As of 31 January, Yes Bank has officially deployed a blockchain solution commercially. This comes a whole year after it became one of the first banks in India to use Hyperledger, an open source framework hosted by The Linux Foundation to build a custom application for its client Bajaj Electricals—an experiment with distributed ledger technology (DLT) where the bank had digitised financing for Bajaj Electricals and its suppliers.
This is the first commercial deployment of an enterprise blockchain solution in India. Second in the world.
“Last year, we had conducted this on Hyperledger 0.6 which was not commercially ready and supported by IBM and they wanted us to wait till Hyperledger 1.0 goes live,” Anup Purohit, senior president and CIO at Yes Bank, tells The Ken. Which it did, in March 2017.
Yes Bank took this up as an R&D project with Bajaj Electricals and, well, got lucky. IIT graduates awaiting new jobs were asked to work with fintech startup Cateina Technologies to develop smart contracts, Purohit says.
With an enterprise-ready blockchain, Purohit decided to migrate to Hyperledger 1.0. Yes Bank now plans to add 35 vendors of Bajaj Electricals onto this platform to transact on both sides—dealer finance and vendor finance.
But Yes Bank isn’t alone.
This month, New York-based enterprise blockchain solutions company MonetaGo is also deploying a custom service for fraud mitigation for Indian companies. Notably, MonetaGo also helped the Institute for Development and Research in Banking Technology (IDRBT) in Hyderabad with the January 2017 white paper on blockchain applications.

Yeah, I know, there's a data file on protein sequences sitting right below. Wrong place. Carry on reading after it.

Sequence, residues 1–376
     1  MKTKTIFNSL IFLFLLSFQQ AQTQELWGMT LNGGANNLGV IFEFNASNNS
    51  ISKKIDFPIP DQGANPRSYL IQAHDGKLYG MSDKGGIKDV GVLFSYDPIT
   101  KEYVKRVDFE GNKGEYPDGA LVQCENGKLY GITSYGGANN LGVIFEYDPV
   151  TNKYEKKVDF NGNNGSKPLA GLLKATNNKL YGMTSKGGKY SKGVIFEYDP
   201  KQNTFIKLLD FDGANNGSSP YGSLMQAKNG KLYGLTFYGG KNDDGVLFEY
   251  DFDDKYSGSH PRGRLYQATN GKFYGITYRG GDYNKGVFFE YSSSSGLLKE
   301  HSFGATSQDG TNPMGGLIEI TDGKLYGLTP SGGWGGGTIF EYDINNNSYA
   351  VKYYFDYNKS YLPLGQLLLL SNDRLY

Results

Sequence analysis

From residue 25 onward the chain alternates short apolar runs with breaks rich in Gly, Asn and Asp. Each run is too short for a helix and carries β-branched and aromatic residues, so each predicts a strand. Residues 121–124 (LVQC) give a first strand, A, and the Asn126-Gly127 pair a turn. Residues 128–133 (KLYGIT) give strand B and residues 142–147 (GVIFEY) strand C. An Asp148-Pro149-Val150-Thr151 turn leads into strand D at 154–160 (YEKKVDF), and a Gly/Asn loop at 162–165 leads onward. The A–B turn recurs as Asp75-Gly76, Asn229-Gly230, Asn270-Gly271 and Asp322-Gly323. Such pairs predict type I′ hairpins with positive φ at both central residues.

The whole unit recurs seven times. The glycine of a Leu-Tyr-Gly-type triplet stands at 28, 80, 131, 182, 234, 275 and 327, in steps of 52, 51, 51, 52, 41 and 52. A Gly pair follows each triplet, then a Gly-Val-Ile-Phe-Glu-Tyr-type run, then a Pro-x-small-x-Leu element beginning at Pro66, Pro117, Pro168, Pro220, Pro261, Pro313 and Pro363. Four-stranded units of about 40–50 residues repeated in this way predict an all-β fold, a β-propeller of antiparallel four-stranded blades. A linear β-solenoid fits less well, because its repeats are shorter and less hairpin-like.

Their first blockchain application for trade receivables discounting will have MonetaGo working with TReDS (Trade Receivables Discounting System) exchanges on fraud mitigation solutions as well as a mechanism to authenticate invoices, says Jesse Chenard, CEO of MonetaGo. This is a tokenless blockchain built using Hyperledger Fabric 1.0 and will launch most likely by next week, he confirms.
These two projects are just the beginning, there are more commercial deployments in India in the near future.
Businessmen, technocrats and governments around the world have a very clear stance on cryptocurrencies. Blockchain good, Bitcoin bad. Even Finance Minister Arun Jaitley suggested so during his Union Budget speech last week.
This optimism isn’t surprising. Enterprises around the world are jumping onto the blockchain hype train because of the colloquial FOMO (the fear of missing out). But until now, there was no shift from experimentation to production, apart from the one exception—Northern Trust, a Chicago-based administrator of funds, launched the first commercial deployment of DLT for the private equity market in collaboration with IBM in February 2017.